Some hunt to kill; some to survive and protect.
Shards of piercing words flew across the room at her. There was no point in running. She had been captured, and the gunfire from his vocal cords was incessant. Standing, she took the blows, her body numbing with the painful sensation of a thousand paper cuts across her soul. She had been trapped.
Later she would come to recognize it as gaslighting. But now, a brain fog confusion made her wonder how stupid she could be to get it wrong.
She had even written down his instructions this time as a record, but apparently she had scribed incorrectly. He said she hadn’t listened. Baited and trapped, she stood like a deer in headlights as he came in for the delicious kill.
Hunting takes time, and it requires experience. Skills include patience, observation, and knowledge. For him, her husband, it was a strongman display of power, a peacock’s display of masculinity, yet he allowed her enough breath to recover to be hunted repetitively. She barely survived.
But now, five years later, she stood in the parlor, cloaked with exhaustion, holding her eight-week-old son, knowing she had to survive to protect his innocent life. Her tired muscles tautened as she moved around the entrance room of their three-bedroom house, the only cleared space where she was confined to sleep, feed, and live.
Senses alert for the slightest noise of his return.
He purported to be a hunter-gatherer, but he was a squanderer and hoarder. Buying from auction with the proposed aim of selling on, instead he stored. Cluttered furniture, chipped artifacts, boxes of creased-page books—all piled high in rooms and corridors. Dead peoples lives preserved and valued above her own and their newborn’s life. And stifled, she had no say.
Now she had another to look out for. The fragile bundle in her arms. For him, she had to survive.
She had to learn hunting skills to protect.
The front door opened, and the winter wind and his presence chilled the room. She noted his anger and reflexively one arm came around her sleeping son hugged to her in a soft supportive sling. Cautiously, she started circling her husband in conversation, anything to distract him from annoyances. Knowing he was ready for a ranting monologue, she threw him a question, barely listening to his reply.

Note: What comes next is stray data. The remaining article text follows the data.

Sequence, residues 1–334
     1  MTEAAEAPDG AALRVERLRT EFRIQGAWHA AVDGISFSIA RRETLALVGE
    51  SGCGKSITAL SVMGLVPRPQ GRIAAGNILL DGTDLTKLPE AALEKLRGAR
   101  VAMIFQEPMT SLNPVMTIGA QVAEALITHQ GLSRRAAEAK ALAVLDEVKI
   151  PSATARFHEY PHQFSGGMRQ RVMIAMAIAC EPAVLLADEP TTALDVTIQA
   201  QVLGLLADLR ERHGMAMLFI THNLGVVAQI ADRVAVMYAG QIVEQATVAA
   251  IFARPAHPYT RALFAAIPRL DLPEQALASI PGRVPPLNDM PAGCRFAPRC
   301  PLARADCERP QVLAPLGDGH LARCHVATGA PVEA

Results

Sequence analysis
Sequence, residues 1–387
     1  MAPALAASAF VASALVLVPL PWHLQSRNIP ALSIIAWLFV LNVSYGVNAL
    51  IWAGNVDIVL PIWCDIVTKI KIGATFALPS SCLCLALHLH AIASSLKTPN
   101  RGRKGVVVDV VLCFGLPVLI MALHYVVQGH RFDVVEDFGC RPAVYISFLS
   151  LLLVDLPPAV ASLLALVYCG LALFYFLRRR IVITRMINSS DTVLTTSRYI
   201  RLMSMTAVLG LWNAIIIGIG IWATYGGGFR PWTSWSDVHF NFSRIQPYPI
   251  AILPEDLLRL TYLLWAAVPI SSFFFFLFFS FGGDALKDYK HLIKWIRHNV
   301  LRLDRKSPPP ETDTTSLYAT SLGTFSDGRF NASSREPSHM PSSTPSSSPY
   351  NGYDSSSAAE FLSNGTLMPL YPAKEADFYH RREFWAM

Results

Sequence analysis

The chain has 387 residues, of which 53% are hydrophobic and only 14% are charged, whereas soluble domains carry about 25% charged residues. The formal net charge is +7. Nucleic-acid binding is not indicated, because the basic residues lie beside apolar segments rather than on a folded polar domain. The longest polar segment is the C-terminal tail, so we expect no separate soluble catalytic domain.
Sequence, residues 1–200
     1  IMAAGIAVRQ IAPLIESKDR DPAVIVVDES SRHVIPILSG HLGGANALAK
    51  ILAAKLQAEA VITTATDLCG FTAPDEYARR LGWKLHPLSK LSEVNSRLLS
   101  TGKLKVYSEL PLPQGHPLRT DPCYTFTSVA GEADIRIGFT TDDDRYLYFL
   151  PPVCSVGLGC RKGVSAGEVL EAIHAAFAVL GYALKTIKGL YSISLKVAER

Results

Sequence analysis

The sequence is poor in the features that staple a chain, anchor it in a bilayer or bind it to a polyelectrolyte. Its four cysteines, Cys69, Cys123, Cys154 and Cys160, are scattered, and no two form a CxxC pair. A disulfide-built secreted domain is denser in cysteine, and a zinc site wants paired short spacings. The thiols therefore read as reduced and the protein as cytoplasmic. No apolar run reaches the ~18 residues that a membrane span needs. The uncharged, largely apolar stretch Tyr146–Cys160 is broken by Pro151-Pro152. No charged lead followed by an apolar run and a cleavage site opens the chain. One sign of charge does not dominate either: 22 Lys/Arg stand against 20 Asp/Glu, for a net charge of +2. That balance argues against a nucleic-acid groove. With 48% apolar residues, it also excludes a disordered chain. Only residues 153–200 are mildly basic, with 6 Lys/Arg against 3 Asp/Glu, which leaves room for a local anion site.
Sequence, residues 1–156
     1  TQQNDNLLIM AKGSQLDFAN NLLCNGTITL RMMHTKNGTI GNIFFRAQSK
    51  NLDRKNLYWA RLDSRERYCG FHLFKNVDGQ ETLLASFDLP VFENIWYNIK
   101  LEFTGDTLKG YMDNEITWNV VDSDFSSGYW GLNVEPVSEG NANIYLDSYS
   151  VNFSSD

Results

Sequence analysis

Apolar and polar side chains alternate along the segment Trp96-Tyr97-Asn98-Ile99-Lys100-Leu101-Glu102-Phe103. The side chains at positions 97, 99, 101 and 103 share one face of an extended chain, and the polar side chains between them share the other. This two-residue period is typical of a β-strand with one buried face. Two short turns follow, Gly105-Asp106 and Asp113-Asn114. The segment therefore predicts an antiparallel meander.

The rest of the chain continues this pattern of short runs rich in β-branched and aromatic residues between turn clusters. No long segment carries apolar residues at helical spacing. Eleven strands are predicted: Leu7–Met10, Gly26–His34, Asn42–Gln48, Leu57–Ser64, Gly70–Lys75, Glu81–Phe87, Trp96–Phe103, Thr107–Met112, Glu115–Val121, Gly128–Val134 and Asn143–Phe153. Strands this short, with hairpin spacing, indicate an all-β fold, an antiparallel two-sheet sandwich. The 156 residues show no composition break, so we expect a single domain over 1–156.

He never needed her opinion.
But her eyes noticed every move—the gestures, the tone of voice, the glances around the room. He was wild and dangerous with unpredictability of a lion. Gradually he stopped pacing, settling into the only empty floor space in the room, kneeling before a box of his latest Gollum-like acquisitions.
However, their son stirred and whimpered. Her husband demanded to hold him, and she couldn’t resist his pull. Anxiety increased her watchfulness as she noted consternation on her son’s face and the lack of attention his father paid him as he continued to pour forth his grievances. As their son’s distress squalled, he finally turned his face to him and yelled “Shut up!” with a typhoon-like eruption.
Their son was startled to shocked silence, but the resultant terror in his tiny face caused her to reflexively bring her fist in a hard blow to her husband’s back, catching him off guard. Never before had she hit him, nor would she ever again, and she trembled as maternal adrenaline spiked. Stunned, his face registered shock and surprise. Obviously she hadn’t hurt him, but his pride was wounded and she would later pay. But for now, the beast was wary.
He declared abuse, but her priority was to regain hold of her son.
“I’m sorry,” she said. Her voice placatingly pleaded guilt. “But yell at me, not him.”
“It worked though,” he crowed, smirking at their son’s still disquieted face.
Then, dismissive anger.
“Go for a walk,” he demanded, turning to his box. “Get out of here.”
Indifferently, he placed the silent boy in her outreached arms.
Stumbling through the open door, the frost-filled air filled her lungs. She mentally replayed her action. Instinctive but foolhardy. She needed self control. It would take time for her to develop the skills needed to survive and eventually kill what really needed destroying—the marriage that bound her to him.
Even then, she’d need help.
But she had to learn.
For survival and protection.
Kate loves the expansive beauty of nature, which contrasts so sharply with human constraints, and she enjoy walking along beaches and trekking up mountains. She does not consider herself a writer, but at times, she finds expression of emotional memory trickling out through the written word. Having experienced many challenging situations, she is currently searching for freedom for herself and others by learning about her story, trauma, and abuse. Her desire is that her stories challenge the presuppositions for women struggling in difficult circumstances in life and bring movement and hope.